Glasgow school janitors began a five-day strike on Monday in a long-running dispute over pay with bosses at Cordia, a city council-owned firm.
The janitors launched the action as schools returned from the summer holiday. They want the extra payments that other council workers receive for doing dirty or physically demanding jobs.
Striking janitor Steven told Socialist Worker, “Nobody is speaking to us about this.
“All we’re getting is talk and rumours about a ‘janitorial review’. But we won’t respond to talk and rumour.”
In reality their response has been to strike again to force bosses to concede their demand.
The janitors are currently losing out by up £1,000 a year.
Over the summer they continued a boycott of duties that began in January.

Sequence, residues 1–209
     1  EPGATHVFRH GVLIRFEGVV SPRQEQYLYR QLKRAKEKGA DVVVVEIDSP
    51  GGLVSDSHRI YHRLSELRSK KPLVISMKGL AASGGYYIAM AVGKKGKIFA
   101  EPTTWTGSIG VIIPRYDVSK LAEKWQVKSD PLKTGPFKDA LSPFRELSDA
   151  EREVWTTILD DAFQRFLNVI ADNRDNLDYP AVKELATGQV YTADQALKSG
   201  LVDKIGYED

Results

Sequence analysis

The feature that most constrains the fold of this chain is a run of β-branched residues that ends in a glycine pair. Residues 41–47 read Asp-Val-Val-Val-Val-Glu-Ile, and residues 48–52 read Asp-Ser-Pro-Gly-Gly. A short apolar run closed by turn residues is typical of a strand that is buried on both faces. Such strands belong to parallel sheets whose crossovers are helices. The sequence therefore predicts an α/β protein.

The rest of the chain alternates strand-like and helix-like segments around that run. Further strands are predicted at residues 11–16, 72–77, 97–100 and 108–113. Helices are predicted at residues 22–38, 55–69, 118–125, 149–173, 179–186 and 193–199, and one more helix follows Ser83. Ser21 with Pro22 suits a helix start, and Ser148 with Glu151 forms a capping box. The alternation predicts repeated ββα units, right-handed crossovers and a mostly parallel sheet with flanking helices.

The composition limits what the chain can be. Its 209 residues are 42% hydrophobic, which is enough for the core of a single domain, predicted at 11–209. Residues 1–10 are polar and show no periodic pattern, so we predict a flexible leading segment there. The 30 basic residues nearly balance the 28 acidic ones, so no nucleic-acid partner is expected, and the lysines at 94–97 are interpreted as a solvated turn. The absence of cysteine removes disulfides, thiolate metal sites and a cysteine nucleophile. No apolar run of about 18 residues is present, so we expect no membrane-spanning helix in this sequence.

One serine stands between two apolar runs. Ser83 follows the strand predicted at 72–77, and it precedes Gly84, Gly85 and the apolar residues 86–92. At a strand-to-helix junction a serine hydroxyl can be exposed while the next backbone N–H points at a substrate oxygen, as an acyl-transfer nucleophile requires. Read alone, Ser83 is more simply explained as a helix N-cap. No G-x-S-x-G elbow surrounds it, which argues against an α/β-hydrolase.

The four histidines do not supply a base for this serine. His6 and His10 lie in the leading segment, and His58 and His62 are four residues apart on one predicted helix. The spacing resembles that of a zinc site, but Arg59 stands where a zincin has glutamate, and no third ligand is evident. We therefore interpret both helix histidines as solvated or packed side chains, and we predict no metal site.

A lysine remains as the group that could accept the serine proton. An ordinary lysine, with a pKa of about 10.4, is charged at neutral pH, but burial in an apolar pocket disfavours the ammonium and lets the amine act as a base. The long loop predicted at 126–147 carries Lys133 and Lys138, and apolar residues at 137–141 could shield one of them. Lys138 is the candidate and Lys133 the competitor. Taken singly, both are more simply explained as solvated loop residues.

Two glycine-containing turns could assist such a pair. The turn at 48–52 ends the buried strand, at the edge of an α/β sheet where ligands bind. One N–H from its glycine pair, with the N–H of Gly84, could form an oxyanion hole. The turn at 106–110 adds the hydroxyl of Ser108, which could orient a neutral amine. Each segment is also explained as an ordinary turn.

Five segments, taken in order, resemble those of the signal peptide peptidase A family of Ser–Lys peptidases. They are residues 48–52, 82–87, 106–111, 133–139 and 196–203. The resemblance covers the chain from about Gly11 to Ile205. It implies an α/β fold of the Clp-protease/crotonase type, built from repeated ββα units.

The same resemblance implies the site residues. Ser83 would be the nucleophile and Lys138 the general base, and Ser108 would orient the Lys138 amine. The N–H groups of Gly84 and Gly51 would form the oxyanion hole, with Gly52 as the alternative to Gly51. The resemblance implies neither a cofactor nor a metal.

Steven said it was having an impact. “There are weeds growing up to your knees in some places and dangerous items lying around. If they paid us properly we’d clean it.”
Since March the Unison union members have struck over 20 days. Steven said, “We’re getting a lot of support from teachers and parents. But some janitors who are not in Unison are opening schools up, and some headteachers are mopping up.”
He reiterated how important it was for other school unions to urge their members not to do the janitors’ duties. The janitors need support against a firm that is trying to break their resolve.
Glasgow City Unison branch secretary Brian Smith said, “Cordia has spent thousands of pounds every month since January trying to undermine our official boycott of the duties through the use of non-trade union replacement workers.
“They would be better getting round the table and sorting out our legitimate claim.”